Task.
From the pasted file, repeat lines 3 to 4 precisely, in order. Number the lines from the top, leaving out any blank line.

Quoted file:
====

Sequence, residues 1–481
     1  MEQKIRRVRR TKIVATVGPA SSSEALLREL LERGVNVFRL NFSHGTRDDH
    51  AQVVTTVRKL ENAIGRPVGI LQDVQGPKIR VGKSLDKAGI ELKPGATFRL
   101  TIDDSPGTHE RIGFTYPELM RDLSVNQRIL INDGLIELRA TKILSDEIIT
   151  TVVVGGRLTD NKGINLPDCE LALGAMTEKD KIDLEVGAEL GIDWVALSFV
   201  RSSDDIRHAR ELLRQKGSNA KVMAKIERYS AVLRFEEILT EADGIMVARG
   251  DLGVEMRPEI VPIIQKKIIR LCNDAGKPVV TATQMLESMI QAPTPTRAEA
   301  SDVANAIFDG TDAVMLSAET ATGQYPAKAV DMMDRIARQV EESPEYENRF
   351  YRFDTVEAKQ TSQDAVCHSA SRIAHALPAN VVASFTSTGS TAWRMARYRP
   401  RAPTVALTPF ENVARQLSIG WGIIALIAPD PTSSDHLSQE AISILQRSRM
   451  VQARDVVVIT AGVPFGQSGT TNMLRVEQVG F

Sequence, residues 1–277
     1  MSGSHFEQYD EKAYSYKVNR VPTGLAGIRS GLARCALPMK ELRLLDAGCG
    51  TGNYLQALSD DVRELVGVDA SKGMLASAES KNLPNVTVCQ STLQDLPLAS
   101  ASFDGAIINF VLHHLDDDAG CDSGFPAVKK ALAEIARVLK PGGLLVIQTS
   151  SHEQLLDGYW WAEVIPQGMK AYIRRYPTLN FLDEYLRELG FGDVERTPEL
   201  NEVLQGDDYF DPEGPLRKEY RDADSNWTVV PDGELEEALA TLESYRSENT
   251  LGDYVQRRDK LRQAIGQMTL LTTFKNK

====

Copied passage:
    51  AQVVTTVRKL ENAIGRPVGI LQDVQGPKIR VGKSLDKAGI ELKPGATFRL
   101  TIDDSPGTHE RIGFTYPELM RDLSVNQRIL INDGLIELRA TKILSDEIIT